The recent flattening of the U.S. Treasury yield curve is being driven by global unease about the impact of coronavirus epidemic in China and not new pessimism about the health of the U.S. economy, said Federal Reserve Vice Chairman Richard Clarida on Friday.
“I am not today concerned about the inverted yield curve,” Clarida said in an interview on Bloomberg Television.
The recent inversion is an instance where money flows into the U.S. due to global unease “and that tends to lower yields,” he said.
The 10-year Treasury note traded at 1.531% on Friday, pushing it below its 3-month counterpart to invert the so-called yield curve.
An inversion of this spread has historically presaged a U.S. recession in postwar history. Some analysts say “this time is different” because interest rates and inflation rates are so low in the world’s wealthiest countries.
Clarida said it was “too soon to tell” what the ultimate impact of the coronavirus epidemic will be on the Chinese economy, global growth, or the U.S. economy.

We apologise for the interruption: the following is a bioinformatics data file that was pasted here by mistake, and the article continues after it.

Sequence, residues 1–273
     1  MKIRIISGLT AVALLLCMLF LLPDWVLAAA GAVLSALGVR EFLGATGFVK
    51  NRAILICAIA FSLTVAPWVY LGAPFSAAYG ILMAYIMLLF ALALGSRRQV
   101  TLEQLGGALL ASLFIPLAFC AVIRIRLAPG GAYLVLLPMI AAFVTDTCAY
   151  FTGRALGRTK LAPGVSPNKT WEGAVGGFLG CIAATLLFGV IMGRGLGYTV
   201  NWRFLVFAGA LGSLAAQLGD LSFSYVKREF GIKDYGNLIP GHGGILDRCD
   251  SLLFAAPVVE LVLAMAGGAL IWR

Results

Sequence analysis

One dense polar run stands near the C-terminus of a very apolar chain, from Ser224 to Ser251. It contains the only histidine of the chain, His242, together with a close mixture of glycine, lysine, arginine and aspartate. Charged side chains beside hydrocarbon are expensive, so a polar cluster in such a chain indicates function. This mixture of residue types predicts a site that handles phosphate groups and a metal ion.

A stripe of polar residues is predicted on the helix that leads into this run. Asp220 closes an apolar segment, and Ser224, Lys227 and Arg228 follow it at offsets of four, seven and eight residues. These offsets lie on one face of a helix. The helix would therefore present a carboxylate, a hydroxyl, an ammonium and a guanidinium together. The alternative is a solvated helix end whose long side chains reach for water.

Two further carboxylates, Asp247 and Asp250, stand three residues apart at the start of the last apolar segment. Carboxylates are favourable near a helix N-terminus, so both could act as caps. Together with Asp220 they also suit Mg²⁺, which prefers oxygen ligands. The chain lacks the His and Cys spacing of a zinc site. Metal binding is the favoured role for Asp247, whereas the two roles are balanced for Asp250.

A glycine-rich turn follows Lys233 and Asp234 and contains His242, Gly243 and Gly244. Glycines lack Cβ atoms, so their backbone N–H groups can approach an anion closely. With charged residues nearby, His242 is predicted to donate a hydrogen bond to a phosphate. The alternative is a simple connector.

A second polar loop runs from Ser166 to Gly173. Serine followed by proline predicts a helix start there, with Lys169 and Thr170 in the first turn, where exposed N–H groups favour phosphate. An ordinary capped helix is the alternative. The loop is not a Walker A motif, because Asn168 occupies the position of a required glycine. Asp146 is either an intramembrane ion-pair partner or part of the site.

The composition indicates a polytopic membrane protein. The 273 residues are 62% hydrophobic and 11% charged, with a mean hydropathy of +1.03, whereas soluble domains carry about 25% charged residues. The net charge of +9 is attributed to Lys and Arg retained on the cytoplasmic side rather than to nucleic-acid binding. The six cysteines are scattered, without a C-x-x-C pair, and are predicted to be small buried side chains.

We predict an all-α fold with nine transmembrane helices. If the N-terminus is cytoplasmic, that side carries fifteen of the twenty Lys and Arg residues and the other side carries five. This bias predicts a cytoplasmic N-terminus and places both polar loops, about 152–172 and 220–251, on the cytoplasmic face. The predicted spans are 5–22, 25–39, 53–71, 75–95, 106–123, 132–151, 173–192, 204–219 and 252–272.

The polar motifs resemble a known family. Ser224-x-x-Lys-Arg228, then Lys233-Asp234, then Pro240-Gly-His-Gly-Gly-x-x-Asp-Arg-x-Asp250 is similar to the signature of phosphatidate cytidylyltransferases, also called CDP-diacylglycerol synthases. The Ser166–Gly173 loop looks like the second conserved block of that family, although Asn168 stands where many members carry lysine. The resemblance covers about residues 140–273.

“We will take it meeting-by-meeting. If this were to resolve in a one-or-two quarter slowdown in growth, that is probably not something that changes the big picture,” he said.
“But, it is a challenging situation and we’re going to keep on top of it.”
Clarida is the first Fed official other than Fed Chairman Jerome Powell to speak following this week’s FOMC meeting, where the Fed kept policy steady and said it was watching to coronavirus carefully.
Read: Wrap-up of Fed meeting
The Fed’s No.2 said the Fed was not conducting policy based on movements in asset prices.
Interest-rate policy was appropriate to “keep the economy humming,” he said.
Clarida said he thought the policy stance would push inflation up “just a bit” to the 2% target.
“We’re not that far away” from 2% and the three rate cuts last year will help push inflation higher, he said.